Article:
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Preserving a gentle reef fish giant
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The South China Cascade Frog, Amolopis ricketti, found in Hong Kong
The occurrence of Sphenomorphus incognitus in Hong Kong with notes on its diagnostics features and distribution

The South China Cascade Frog, Amolops ricketti, found in Hong Kong (pdf)

by Michael Lau

On the night of 21 October 2004, an adult female of Amolops ricketti was found resting next to a small cascade in a stream draining from Tei Tong Tsai to Tung Chung at about 270 m. Visits to the same stream on 25 October and 25 November 2004 found 1 and 2 more specimens next to another cascade. This species is rather similar to the Hong Kong Cascade Frog Amolops hongkongensis in colour pattern but the dorsal dark blotches are usually less distinct. It can best be distinguished by the smaller suction discs on the 3rd and 4th fingers. Their diameter is less than 3 times the width of the fingers whereas in A. hongkongensis the diameter of the suction discs is 3-4 times the width of the fingers. In addition A. ricketti lacks the tarsal fold which is present in A. hongkongensis. The first fingers of breeding male A. ricketti have white, granular nuptial pads. Amolops hongkongensis also has white nuptial pads on the first fingers but they are velvety. The eggs of A. ricketti are reported to be glued under stones in stream (Ye et al.,1993) whereas the eggs of A. hongkongensis are laid on rock faces in the splash zones of cascades. Another apparent difference between the two species in Hong Kong is that A. hongkongensis is only found in the New Territories and Hong Kong Island, whereas A. ricketti only occurs on Lantau Island.

Amolops ricketti is widely distributed in South China, including Sichuan, Guizhou, Hubei, Zhejiang, Jiangxi, Hunan, Fujian, Guangdong and Guangxi (Zhao & Adler, 1993; Fei, 1999). This species has also been recorded in Wutongshan, Shenzhen just across the border (Kadoorie Farm and Botanic Garden, 2002). It has never been recorded in the pet or food trades (Lau et al. 1995; Kadoorie Farm and Botanic Garden, 2004) and it is unlikely that the frogs originate from human introduction. Hence the case that this frog is native to Hong Kong is deemed strong.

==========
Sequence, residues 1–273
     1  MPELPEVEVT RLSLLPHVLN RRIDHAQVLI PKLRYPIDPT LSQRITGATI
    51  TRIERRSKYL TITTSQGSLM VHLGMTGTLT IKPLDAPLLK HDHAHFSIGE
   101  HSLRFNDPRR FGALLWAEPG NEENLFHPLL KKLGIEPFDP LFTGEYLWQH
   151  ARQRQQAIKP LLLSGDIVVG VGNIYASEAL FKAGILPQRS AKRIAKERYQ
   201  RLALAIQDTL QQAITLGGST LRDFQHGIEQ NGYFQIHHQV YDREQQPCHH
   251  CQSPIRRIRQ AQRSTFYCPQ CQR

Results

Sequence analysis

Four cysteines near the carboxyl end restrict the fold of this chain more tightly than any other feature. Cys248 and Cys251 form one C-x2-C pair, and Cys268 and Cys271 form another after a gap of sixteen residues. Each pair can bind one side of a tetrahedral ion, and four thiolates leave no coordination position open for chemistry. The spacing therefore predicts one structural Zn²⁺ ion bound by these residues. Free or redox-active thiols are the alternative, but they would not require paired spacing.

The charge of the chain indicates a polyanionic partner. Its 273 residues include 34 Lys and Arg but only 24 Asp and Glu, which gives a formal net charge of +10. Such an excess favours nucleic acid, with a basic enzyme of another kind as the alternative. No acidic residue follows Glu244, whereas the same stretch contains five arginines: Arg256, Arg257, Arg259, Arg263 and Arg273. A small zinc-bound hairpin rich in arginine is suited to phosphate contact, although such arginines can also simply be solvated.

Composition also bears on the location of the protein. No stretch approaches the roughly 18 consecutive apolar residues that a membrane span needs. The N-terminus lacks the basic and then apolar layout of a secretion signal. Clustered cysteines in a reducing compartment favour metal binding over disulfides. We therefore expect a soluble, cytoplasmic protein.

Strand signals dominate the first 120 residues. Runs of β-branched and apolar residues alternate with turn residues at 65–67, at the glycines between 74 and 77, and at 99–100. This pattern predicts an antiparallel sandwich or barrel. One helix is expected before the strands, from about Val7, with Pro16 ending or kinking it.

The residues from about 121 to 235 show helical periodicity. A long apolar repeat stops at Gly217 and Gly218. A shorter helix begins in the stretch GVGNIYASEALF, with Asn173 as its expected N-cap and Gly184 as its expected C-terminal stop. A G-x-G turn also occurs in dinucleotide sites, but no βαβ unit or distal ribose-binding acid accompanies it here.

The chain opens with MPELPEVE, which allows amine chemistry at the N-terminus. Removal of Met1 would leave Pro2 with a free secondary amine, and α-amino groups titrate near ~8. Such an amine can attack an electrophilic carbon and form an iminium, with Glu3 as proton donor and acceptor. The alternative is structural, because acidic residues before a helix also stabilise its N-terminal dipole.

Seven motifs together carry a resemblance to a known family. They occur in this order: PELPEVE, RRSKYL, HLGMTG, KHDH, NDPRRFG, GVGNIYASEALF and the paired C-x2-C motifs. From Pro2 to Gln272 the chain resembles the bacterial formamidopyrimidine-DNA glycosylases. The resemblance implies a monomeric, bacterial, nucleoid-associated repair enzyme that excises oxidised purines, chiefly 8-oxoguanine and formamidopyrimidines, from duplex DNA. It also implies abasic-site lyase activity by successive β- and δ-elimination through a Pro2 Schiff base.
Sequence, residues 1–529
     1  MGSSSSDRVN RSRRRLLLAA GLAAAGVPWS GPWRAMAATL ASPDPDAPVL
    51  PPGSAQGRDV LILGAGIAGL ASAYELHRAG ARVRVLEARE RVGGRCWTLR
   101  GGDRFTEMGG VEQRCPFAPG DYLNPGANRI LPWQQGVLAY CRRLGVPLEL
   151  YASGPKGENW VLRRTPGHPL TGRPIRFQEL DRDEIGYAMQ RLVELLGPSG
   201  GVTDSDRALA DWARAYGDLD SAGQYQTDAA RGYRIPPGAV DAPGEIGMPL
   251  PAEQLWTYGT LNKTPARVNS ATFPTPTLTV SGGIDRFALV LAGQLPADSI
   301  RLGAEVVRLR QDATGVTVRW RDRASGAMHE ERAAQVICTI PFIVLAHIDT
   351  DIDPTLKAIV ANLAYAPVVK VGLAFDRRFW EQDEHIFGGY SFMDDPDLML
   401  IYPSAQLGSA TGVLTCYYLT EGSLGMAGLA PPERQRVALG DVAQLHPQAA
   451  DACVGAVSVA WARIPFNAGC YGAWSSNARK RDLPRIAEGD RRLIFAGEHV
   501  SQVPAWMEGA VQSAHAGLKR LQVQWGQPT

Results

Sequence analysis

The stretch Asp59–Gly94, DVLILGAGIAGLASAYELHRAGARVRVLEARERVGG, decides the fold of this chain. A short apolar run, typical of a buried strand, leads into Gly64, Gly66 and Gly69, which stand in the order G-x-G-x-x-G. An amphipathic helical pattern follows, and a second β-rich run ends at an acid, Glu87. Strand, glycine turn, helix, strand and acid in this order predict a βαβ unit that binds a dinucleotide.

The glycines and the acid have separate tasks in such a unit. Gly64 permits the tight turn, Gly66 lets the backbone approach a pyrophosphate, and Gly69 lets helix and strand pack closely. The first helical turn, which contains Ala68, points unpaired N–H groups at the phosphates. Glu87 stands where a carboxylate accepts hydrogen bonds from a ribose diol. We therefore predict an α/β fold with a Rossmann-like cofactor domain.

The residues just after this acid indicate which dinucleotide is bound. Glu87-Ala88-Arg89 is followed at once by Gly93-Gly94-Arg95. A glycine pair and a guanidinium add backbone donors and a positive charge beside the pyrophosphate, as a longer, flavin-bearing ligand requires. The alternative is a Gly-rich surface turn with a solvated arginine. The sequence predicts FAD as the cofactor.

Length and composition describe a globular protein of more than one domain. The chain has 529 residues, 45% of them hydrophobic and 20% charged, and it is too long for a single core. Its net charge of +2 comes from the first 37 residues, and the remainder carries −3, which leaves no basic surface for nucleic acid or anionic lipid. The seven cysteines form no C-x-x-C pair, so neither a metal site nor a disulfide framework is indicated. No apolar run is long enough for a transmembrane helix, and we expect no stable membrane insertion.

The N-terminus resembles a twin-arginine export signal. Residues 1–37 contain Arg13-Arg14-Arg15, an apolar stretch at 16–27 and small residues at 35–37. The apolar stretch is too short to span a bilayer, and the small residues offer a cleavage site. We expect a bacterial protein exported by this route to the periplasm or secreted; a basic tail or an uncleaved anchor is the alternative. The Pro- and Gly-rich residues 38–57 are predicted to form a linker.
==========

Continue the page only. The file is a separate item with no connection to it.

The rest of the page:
The amphibian fauna has been rather well-studied (Romer, 1979; Karsen et al., 1998; Lau & Dudgeon, 1999) so it is intriguing as to why this species has not been found earlier. One of the reasons is that the stream supporting this species was not covered in previous surveys (e.g. Lau & Dudgeon, 1999 and the Hong Kong Biodiversity Survey). In addition, this species probably has a very restricted local distribution. Jiang & Xie (2003) reported several unidentified Amolops from a stream near Shek Pik Reservoir, Lantau. Based on the picture and the brief description in Jiang & Xie (2003), the frogs are likely to be A. ricketti and probably constitute another locality record. Because of its close resemblance to A. hongkongensis, this species may have been confused with the latter. Readers interested in finding out should examine the Amolops they come across, especially those in the New Territories, and look for the distinguishing features mentioned above.

Fig. 1. Amolops ricketti

Bibliography

Fei, L. (1999). Atlas of Amphibians of China. Henan Publishing House of Science & Technology, Zhengzhou. (in Chinese).

Jaing, J. & Xie, F. (2003). Biodiversity of amphibians and reptiles in Lantau Island with comments on their environment. In The 3rd Conference on the Present Status and Conservation of Wild Animals and Plants in Hong Kong New Information and Ecological Conservation Concerns for the Lantau Island. Pp. 21-37. Wildlife Conservation Foundation (ed.). Wildlife Conservation Foundation, Hong Kong.

Kadoorie Farm and Botanic Garden. (2002). Report of a Rapid Biodiversity Assessment at Wutongshan National Forest Park, Shenzhen Special Economic Zone, China, 16 to 17 May 2001. South China Biodiversity Survey Report Series: No. 11. KFBG, Hong Kong SAR.

Kadoorie Farm and Botanic Garden. (2004). Wild Animal Trade Monitoring at Selected Markets in Guangzhou and Shenzhen, South China, 2000-2003. Kadoorie Farm & Botanic Garden Technical Report No. 2. KFBG, Hong Kong SAR.

Karsen, S.J., Lau, M.W.N. & Bogadek, A. (1998). Hong Kong Amphibians and Reptiles 2nd Edition. Provisional Urban Council, Hong Kong.

Lau, M.W.N., Ades, G., Goodyer, N. & Zou, F.S. (1995). Wildlife Trade in Southern China including Hong Kong and Macao. Report to Biodiversity Working Group of China Council for International Cooperation on Environment and Development Projects.

Lau, M.W.N. & Dudgeon, D. (1999). Composition and distribution of Hong Kong amphibians. Memoirs of the Hong Kong Natural History Society 22:1-79.

Romer, J.D. (1979). Annotated checklist with keys to the adult amphibians of Hong Kong. Memoirs of the Hong Kong Natural History Society 15: 1-14.

Ye, C., Fei, L. & Hu, S. (1993). Rare and Economic Amphibians of China. Sichuan Publishing House of Science & Technology, Chengdu. (in Chinese).

Zhao, E.M. & Adler, K. (1993). Herpetology of China. Society for the Study of Amphibians and Reptiles, Oxford (Ohio).

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